So, with the reported sad departure of Steve Gallen it means that he is the last person out the door from the days of Raheem Sterling and beyond. Key people from those days like Terry O'sullivan, Paul Bruce & Fitzroy Lewinson plus more have all gone and were important people that took part in Raheem's and others recruitment and development. Good coaches, good scouts, good people, QPR people. 

Every season we will here of managers getting sacked. That’s part of football but when it happens we often here and see many people in the game and in the media showing great human sympathy for a man losing his job and so we should. However, many that do are rewarded in a way far removed from us mere mortals with contracts paid out in full resulting in many multi-millionaire former managers. 

With this in mind I was truly shocked to see Steve Gallen seemingly ushered out of the back door at QPR after it being reported that he was removed from all duties at the club. QPR is a club that publicly reports its family feeling, culture and togetherness but this to me seems to be an action in contrast to that. Steve Gallen has been employed at QPR in a multitude of coaching roles for around 18 years. Most of which were working in the youth centre of excellence where he later became the head of youth and Academy manager. He was then moved out of that role to coach the U21's and later promoted to work with the first team. Of course things happen in the first team and people get sacked with new people coming in and with the introduction of Jimmy Floyd Hasslebaink Steve has been deemed surplus to requirements I guess. I don’t see issues with that and I’m sure if Steve was asked, he wouldn’t either. That happens. However since the news broke I have seen lurching opinion on the overall value of Steve to the club and also questions of his ability and results working in the youth structure. This is such a shock to me and its when the 'only at QPR' term came to me again. Why can’t this gentleman be given the just reward and appreciation he so deserves? Instead it’s debated by certain quarters as to his success. One comment I read was. 

“It is an inconvenient truth...however...Steve Gallen has been a fundamental part of a youth system that has grossly failed for 20 years

Being in football more than most industries means that you are open to criticism and I can take that. Steve certainly can I’m sure and he wouldn’t want to respond. However having worked for this guy and seeing first-hand the challenges I felt I want to tribute him and show the details of what he actually achieved. Knowing that if I was a chairman I would be currently hunting him down to come to work at my club. Criticism is ok but I think it’s fair if people know the details facts and truth as some either comment without the depth of knowledge or else have hidden agenda's which is unacceptable, damaging and disrespectful to someone that has given so much to his role and i'm guessing, doesn't walk away a millionaire for his family.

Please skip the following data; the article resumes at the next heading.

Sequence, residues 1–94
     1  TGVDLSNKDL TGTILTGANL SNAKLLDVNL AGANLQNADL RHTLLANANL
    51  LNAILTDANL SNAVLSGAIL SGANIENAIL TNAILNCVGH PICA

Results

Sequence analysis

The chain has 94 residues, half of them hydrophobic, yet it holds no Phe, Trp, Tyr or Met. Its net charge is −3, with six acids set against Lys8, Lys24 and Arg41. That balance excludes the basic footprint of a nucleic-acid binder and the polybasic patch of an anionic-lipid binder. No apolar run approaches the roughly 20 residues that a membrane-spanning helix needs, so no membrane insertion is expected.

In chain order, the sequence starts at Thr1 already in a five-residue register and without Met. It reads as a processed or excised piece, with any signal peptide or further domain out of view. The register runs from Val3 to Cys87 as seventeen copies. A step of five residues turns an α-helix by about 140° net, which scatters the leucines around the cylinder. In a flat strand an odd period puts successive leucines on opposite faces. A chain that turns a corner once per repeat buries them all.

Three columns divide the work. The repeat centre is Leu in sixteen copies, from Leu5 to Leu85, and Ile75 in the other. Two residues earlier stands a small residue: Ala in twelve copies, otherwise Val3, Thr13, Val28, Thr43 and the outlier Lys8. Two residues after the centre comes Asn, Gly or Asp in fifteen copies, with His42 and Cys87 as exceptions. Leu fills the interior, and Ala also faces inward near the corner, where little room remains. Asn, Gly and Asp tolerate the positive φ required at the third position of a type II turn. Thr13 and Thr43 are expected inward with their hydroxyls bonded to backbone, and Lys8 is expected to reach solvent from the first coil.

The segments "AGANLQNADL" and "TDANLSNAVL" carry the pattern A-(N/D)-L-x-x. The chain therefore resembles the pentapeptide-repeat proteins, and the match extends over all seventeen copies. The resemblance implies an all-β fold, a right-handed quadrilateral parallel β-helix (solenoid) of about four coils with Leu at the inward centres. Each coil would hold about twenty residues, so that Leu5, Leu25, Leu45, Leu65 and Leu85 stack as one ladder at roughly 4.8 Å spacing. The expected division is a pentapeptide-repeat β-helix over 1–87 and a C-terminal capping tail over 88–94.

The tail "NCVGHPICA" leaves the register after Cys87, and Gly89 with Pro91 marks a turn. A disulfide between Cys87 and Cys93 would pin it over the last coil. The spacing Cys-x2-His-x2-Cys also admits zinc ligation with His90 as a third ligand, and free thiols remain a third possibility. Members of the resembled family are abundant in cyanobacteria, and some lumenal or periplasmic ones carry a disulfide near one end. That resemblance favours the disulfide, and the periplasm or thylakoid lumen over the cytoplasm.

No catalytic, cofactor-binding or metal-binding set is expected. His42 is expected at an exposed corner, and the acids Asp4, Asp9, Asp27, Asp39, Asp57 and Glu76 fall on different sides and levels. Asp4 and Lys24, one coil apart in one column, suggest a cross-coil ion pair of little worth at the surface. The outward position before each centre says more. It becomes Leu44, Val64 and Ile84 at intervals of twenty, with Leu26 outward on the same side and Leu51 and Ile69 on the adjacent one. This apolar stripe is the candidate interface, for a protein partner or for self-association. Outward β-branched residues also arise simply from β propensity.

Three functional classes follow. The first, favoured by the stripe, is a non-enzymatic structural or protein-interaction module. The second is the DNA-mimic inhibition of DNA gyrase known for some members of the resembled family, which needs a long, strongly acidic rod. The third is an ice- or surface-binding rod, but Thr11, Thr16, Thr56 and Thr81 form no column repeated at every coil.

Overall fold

Looking at the comment above I read the words 'fundamental part' as being an overall decision maker. Or a key person at least. Let’s put that in perspective. Steve was not in charge of the youth system for the last 20 years. He was to the best of my knowledge in charge of the youth system for 4-5 years up to 2012. Post 2012 was the era that Tony Fernandes came in as did Mike Rigg and Steve was almost immediately stepped aside. Since that date a further four people have been in charge of the academy and as many placed in the role of Head of Coaching. Steve has had no decision making responsibility during that period. I accept that Steve Gallen bleeding hoops doesn’t mean he is owed anything or that he is owed a job. He would never want that either. Hes a proud hard working man. So let’s examine the second part as indeed Steve was in charge of the Academy for the period leading to the influx of investment.

If we firstly look at the numbers. Steve was in charge of a ‘center of excellence’ under owners that seemingly didn’t focus too much on the youth. Investment was minimal and I estimate it to be around no more than £150k per year. At that time it had 3 full-time staff. It’s not up for debate the major influence Steve and coaches like Fitzroy Lewinson had on Raheem’s capture, development and majorly, keeping him at the club as long as they did as he gained approaches from the local ‘big guns’. Sterling’s recent move to Man City netted QPR £9m in a payment clause. I’m sure it’s clear that I’m a fan of Steve Gallen as a great coach and a great person. But were not debating his values, kindness and integrity here, were debating what he did for QPR. If his responsibility lasted 5 years that would equate to a circa cost of £750k. To ease the argument lets round it up and stick another £250k to the cost and that still leaves a profit to QPR of £8M for his term. I think that’s worth a thank you. Since then the investment was massive and now the academy has around 20 full-time staff and a cost of circa £2M in my estimation. Around a third of that could be recouped from the Premier League’s EPPP system but it still leaves the club paying out an estimated 8-10 times the investment under Steve. The same pro rata return would see the club profit circa £12M per year.